It is a warm Sunday afternoon and I find myself on a rooftop studio in Mexico City. As I head back inside I observe a group of people, actually a room full of strangers, who are all quietly talking, almost as if whispering to each other. I overhear informal introductions being exchanged in different accents and there’s a buzz of excitement in the air, because, despite not knowing each other, we all know that each of us is anxiously awaiting this private acoustic performance by Giovanna Núñez aka La Lá.

This was the first time Núñez was in Mexico, all the way from Peru, and it filled my heart with pride and sadness at the same time. I was born and raised in Lima and I had somewhat forgotten the rich mixture of culture, textures of sounds and compositions that Peruvian artists have to offer.

Núñez began her musical journey in 2009 and has already delivered two phenomenal albums:  Rosa (2014) and Zamba Puta (2017). Her creativity has allowed her to take take her audience on a mystical journey through sound and on her latest album she has pleasantly surprised us by taking her music on a more jazz sounding route. It totally makes sense, though, since she was part of a jazz band when she was younger.

Zamba Puta was titled this way purposely. These two words are considered demeaning, racist and used in machista societies to degrade women. This album is a musical demonstration against these violent verbal attacks, like the ones she’s encountered in Lima. La Lá has effectively flipped the script by her use of compelling lyrics and seductive tones to remove the negative associations with these words. She’s found a way to fight such cruelty that still exists in society.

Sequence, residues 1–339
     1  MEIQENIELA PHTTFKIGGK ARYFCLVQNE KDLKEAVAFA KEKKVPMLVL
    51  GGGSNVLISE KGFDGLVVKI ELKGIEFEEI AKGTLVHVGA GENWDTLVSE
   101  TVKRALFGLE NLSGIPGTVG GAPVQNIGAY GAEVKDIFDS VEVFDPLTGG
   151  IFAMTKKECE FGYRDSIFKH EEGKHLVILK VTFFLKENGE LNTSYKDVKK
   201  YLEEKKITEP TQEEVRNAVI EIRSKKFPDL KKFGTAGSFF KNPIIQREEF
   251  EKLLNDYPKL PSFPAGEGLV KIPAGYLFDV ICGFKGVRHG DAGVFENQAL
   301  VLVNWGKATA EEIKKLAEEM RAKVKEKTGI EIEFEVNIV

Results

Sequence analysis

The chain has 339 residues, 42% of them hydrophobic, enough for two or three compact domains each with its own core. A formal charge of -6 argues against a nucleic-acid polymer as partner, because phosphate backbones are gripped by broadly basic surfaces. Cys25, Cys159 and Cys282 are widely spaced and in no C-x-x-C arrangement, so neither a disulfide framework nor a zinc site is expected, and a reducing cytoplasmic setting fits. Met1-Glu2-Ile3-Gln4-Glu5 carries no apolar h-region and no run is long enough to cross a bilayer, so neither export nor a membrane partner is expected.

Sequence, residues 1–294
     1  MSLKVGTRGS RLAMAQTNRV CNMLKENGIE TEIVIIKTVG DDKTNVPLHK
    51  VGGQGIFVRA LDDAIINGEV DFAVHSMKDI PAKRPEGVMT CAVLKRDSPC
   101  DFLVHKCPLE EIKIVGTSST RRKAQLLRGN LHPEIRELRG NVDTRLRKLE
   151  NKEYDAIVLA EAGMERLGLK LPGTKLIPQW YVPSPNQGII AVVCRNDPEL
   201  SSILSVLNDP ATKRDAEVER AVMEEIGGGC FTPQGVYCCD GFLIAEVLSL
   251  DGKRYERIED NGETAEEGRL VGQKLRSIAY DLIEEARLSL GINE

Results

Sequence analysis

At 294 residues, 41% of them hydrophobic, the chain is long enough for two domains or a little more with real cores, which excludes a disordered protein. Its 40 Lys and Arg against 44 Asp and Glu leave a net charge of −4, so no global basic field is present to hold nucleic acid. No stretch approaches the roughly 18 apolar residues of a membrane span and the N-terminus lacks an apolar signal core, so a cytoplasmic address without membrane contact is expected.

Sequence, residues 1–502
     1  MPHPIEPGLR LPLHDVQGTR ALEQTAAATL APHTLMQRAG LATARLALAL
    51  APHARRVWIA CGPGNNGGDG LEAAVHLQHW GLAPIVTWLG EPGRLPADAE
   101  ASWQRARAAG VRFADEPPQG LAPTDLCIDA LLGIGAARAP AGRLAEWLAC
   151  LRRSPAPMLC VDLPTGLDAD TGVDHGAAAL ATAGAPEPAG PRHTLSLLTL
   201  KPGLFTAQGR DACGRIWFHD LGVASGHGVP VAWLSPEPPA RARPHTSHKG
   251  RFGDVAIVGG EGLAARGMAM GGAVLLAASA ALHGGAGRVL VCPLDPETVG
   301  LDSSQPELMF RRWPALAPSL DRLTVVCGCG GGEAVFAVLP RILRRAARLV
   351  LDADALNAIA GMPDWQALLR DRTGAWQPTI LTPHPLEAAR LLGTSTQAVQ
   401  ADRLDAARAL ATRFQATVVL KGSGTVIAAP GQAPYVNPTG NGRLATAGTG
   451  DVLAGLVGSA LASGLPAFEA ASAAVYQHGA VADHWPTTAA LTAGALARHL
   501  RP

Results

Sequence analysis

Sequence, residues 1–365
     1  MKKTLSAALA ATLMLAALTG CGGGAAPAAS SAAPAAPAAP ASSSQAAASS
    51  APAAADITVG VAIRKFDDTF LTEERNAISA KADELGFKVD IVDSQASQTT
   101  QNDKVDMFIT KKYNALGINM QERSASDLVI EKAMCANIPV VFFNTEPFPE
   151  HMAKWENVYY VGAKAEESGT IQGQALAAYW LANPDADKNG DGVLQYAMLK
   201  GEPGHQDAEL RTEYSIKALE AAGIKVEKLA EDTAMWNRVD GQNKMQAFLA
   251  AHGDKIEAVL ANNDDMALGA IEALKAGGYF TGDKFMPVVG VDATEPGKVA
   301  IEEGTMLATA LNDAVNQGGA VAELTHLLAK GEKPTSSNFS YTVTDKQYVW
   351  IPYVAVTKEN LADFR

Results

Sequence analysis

La Lá made her debut at one of the most recognizable independent music festivals in Mexico City, Festival Marvin. Unfortunately, due to a conflict in my travel schedule, I was unable to make it to that showcase. Lucky for me I was invited to this specific acoustic performance where other music enthusiasts, along with industry folks and journalists were now gathered and as the effects of the chilcanitos were taking place, everyone began to exchange information, getting to know each other and becoming comfortable before the performance got started.

We were all in musical heaven as La Lá began their set with Primor, followed by Caramelo and then Oeste. Alongside Núñez were musician Julio Pérez Luna on guitar and Fil Uno on cello. The trio filled the room with an array of lovely melodies, and everyone received them with love. They ended their set in tones of gratitude with Mango, Hiedra and Mamífera, which can be found on their debut album.

Hey, now, don’t be jealous, friends. Guess what happened after their set? You know it! Ganando como siempre I was able to chat with La Lá. Yes! Check out my interview below and just below that the debut of a new lyric video for “Espejo Adolescente.” You’re welcome, friends.

Your album speaks about the violence and discrimination against women in a machista society such as Lima. What other outlets, besides music, do you use to fight against it?

As a person I manifest my beliefs regarding this with my work. There are time when I’m invited to participate in activities with different collectives and non-profits which associate my music  with their work.  

I noticed that during your set, your child giggled every time you began a song and your response to him was a shy smile. How has motherhood influenced your growth as a musician?

Since the birth of my first child I feel that I completely changed the way I am. I became fearless and happier, which helped me be the musician I am to begin with.

Foto de Jorge Pérez Cubas

How has your music been received in Lima, especially being in jazz… is this something unusual in Lima?

In Lima there exist many jazz clubs and different jazz associations. Certainly this genre does not belong to the Peruvian popular culture but it does have many followers all around the world.

Now check out this exclusive lyric video for the song, Espejo Adolescente

 

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